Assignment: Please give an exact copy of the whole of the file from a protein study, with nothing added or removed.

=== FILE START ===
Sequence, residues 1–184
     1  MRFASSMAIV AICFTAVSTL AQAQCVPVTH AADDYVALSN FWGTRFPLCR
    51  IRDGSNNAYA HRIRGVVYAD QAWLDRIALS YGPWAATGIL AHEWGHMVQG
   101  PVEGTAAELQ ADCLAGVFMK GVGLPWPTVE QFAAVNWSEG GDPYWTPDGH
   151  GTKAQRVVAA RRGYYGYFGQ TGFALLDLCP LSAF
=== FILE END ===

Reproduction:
Sequence, residues 1–184
     1  MRFASSMAIV AICFTAVSTL AQAQCVPVTH AADDYVALSN FWGTRFPLCR
    51  IRDGSNNAYA HRIRGVVYAD QAWLDRIALS YGPWAATGIL AHEWGHMVQG
   101  PVEGTAAELQ ADCLAGVFMK GVGLPWPTVE QFAAVNWSEG GDPYWTPDGH
   151  GTKAQRVVAA RRGYYGYFGQ TGFALLDLCP LSAF